Touch Table Caverna

I’ve finished converting Caverna for the touch table and PC. This was the second game that I’ve made using the Unity engine. It is also my first Unity game that used touch for input and it is probably the largest game that I’ve ever converted. Space was very tight and I spent a lot of time laying out the graphics:

Caverna is a game for one to seven players by Uwe Rosenberg. It is a worker placement game where you manage the farm and cave dwelling for a family of dwarfs. The game is similar to Agricola where the occupations and improvements are replaced with rooms which are available to everyone and there is a new expedition mechanic.

The game is a lot of fun to play, but it takes 30-45 minutes per player and there are lots of pieces to move around. My goal for this conversion was to speed up the play time as much as possible. I’m also hoping that the single player is as much fun as the single player version of Le Havre.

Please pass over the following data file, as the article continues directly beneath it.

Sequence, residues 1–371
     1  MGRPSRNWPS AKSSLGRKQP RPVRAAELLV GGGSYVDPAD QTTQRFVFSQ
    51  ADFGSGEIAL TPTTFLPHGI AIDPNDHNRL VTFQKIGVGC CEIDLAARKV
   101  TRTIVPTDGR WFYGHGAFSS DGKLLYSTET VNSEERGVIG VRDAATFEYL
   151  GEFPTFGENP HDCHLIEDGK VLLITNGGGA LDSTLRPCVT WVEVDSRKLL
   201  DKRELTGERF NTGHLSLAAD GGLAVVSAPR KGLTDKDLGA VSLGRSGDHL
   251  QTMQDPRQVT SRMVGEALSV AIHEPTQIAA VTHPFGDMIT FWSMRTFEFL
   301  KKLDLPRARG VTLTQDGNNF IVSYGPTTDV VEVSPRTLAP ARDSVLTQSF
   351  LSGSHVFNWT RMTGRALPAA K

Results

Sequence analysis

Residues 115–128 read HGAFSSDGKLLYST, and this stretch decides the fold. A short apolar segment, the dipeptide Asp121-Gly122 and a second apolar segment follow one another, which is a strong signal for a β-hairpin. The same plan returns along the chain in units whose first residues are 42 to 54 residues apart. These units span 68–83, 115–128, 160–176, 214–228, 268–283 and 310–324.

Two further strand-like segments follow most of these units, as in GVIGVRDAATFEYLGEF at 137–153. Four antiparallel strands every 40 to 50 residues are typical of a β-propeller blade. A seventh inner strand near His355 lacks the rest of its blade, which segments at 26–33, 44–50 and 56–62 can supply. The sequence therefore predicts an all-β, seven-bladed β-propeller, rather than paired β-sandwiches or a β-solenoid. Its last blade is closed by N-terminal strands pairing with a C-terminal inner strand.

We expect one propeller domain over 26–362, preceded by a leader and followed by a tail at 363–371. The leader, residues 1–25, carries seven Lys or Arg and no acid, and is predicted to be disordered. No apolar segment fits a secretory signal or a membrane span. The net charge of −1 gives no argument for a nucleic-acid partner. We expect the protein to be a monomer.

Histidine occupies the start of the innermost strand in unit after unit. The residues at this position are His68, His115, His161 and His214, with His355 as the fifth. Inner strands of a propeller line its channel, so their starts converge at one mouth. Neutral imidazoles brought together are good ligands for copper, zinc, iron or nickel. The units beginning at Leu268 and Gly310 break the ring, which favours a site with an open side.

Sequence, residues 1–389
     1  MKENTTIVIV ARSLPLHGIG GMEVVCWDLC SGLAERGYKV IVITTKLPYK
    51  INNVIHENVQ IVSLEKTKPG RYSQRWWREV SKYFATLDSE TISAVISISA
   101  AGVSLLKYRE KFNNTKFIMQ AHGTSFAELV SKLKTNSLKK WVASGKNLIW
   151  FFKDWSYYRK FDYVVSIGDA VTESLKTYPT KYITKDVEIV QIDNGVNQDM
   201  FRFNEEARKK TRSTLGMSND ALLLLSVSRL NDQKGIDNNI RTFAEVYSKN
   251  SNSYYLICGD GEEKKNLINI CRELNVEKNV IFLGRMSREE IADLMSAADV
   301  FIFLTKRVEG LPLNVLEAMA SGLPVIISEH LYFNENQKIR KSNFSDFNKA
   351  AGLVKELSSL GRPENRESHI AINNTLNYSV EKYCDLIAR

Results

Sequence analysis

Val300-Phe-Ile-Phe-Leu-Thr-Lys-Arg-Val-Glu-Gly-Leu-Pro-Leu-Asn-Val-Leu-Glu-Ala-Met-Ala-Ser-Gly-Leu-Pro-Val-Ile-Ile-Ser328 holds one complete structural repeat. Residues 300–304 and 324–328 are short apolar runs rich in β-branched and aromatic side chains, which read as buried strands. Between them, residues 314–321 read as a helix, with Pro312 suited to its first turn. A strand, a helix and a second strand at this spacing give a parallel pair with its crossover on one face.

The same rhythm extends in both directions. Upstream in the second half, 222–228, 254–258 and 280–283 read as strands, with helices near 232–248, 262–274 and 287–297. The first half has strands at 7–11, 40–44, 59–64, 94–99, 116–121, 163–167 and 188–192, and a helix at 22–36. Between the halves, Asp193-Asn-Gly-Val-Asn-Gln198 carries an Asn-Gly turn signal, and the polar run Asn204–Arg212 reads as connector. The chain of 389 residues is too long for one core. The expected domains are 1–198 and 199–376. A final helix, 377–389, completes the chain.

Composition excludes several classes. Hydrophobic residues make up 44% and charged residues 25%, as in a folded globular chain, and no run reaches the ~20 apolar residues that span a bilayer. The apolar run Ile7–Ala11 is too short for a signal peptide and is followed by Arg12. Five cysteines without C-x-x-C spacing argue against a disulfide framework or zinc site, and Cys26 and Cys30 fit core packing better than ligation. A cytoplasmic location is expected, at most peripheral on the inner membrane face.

To achieve my main goal of speeding up the game, I wanted more than one player to be able to play at the same time. In Caverna, players take turns placing one of their dwarfs on an action space, then doing the action on that space. Sometimes doing the action is just taking resources. Other times it requires placing tiles, picking a room or arranging animals. The slowest actions are the expeditions where the player needs to pick up to four rewards from a list. In the computer version, I allow a player to pick their action as soon as the prior player picks their action. This means several players can be resolving their actions at the same time.

To allow players to undo and save/load games, I am using our “Timeline and Events” system of game development. All player and game actions are an “Event” that can be executed, undone, saved and loaded. The timeline keeps track of all the events and executes them in the right order.